Mammals that rival our intelligence

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Of all the wondrous animals inhabiting the earth, one of the most physically vulnerable would be the human. After all, it’s not as if we have the legs to outrun predators, or the teeth and claws to hunt prey, or thick-coats to survive harsh winters.

But for all our weaknesses, humans have emerged as the dominant species on the planet. One of the most important qualities for survival, above durability, speed and strength, is adaptability. Following Darwin’s law of evolution, species that adapt also survive, while those that cannot, perish.

While Darwin’s theory of natural selection accounts for generational evolution and adaptation, what happens when immediate change needs to be made for survival? This is where intelligence comes into play. Humans are the most intelligent animals on the planet.

As a result, we have been able to invent and think our way out of a lot of problems. That being said, the focus of this article isn’t on the intelligence of humans, but instead on the intelligence of two mammals alive today, both of which show signs of intellect comparable to humans.

Elephant

Photo credit: Thinkstock

 

The elephant is a strong and successful species. Fossil records show that over 300 different species have existed over a period of 55 million years, dwarfing humans not only in stature but survival. The elephant isn’t just a large survival machine though.

They have the heaviest brain of any land mammal and some of their behaviour speaks volumes to that. Elephants are playful and curious but also lament and mourn death. There have been a number of examples of elephants covering a dead member of the heard in branches and dirt and then silently standing at the corpse’s side for days, leaving only to eat and drink. Amazingly, a herd of elephants once found the bones of an elephant that had been shot by hunters and carried them back to be buried.

Elephants also react to humans in the same way that humans react to puppies, scientists observing a similar reaction in their brains. This means that elephants think we’re cute. Which makes the thought of them being shot by a human all the more troubling.

Dolphin

It is a universally known fact that dolphins are very intelligent, but there is still not enough credit or respect given to them. In recent decades, the dolphin’s immune system and population has begun to drop due to pollution and mountains of plastic in the ocean.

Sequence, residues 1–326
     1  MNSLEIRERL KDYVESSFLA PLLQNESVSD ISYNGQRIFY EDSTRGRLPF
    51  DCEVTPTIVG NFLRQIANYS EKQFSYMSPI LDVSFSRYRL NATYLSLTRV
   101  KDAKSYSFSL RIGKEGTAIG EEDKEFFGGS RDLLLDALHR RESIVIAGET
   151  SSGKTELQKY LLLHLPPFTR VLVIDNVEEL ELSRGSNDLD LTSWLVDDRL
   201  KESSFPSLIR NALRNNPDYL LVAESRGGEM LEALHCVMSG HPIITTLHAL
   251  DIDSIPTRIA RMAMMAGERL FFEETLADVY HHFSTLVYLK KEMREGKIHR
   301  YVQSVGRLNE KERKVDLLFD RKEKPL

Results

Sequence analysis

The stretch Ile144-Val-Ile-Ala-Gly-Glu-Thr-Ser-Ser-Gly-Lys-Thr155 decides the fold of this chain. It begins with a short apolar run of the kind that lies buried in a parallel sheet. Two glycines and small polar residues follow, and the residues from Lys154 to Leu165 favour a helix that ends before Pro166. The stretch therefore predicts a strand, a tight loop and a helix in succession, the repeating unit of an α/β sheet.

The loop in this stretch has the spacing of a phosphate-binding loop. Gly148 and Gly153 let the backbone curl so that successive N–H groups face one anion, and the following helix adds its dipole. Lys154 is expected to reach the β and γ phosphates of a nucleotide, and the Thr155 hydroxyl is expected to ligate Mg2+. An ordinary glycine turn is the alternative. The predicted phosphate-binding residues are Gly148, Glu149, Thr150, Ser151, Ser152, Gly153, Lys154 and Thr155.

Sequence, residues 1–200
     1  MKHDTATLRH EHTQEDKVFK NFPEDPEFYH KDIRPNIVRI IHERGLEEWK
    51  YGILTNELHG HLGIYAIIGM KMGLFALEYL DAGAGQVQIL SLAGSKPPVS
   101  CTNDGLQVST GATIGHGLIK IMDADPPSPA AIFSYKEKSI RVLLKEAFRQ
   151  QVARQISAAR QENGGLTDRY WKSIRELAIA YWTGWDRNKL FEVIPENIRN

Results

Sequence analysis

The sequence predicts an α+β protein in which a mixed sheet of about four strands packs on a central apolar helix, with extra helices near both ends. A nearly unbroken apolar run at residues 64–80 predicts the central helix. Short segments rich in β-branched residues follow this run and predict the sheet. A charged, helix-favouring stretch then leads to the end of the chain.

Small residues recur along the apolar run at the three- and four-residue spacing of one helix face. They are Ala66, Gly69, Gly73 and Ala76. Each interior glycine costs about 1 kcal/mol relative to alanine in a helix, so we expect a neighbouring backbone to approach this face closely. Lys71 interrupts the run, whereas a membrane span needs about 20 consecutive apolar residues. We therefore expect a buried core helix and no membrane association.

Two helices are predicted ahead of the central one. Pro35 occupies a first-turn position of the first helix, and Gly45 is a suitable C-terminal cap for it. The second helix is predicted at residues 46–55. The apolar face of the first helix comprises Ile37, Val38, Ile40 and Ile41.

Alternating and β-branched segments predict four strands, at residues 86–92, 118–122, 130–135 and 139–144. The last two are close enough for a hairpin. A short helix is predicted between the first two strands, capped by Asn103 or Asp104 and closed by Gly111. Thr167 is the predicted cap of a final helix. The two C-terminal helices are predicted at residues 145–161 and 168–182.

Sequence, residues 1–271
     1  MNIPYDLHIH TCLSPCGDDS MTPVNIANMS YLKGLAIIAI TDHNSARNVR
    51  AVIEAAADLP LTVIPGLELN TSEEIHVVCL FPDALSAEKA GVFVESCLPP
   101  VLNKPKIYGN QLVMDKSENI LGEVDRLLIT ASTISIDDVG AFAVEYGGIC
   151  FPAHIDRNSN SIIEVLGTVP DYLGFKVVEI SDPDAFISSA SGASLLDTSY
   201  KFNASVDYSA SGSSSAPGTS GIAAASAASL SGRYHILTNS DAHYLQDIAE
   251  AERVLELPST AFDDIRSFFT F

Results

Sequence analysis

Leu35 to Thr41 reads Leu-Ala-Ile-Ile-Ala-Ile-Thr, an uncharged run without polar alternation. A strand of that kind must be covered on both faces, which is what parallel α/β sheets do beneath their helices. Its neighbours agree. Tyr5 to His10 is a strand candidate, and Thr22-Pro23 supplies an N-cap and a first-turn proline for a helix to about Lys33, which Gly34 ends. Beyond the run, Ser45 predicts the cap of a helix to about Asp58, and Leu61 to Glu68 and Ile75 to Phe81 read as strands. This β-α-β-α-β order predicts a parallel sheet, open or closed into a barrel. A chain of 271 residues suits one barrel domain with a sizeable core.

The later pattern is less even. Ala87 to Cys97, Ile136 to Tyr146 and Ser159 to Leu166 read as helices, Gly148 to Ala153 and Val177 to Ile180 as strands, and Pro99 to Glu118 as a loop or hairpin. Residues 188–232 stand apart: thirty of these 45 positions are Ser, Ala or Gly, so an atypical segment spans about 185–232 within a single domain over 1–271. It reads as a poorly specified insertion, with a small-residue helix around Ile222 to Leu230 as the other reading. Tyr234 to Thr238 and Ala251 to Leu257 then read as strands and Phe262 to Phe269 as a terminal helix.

The brain to body ratio of a dolphin is second only to humans, and like humans – they are able to recognise themselves and their own thoughts. This is a rare quality for a mammal and a staple for intelligence. The mirror test, seeing if an animal is able to recognise its own reflection, is used to test for empathy and metacognition – a test that both the dolphin and elephant pass.

Dolphins are also equally as sociable as humans. While you might have heard the sound of a dolphin ‘chatting’, the extent of their communication is more advanced than you might think. Some scientists have even argued that dolphins speak to each other in the same way humans do.

 

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Robert Lovell

Robert Lovell

Robert Lovell is a writer and editor with a love of wildlife and a passion for environmentalism. He is based in the north of England but loves to travel.

Robert Lovell

Robert Lovell

Robert Lovell is a writer and editor with a love of wildlife and a passion for environmentalism. He is based in the north of England but loves to travel.

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Mark Jones
Mark Jones

You could have also put the chimps in this article as highly intelligent creatures. But saying they rival our intelligence? Come on, that’s just silly. There is a chasm between them and us in intelligence levels.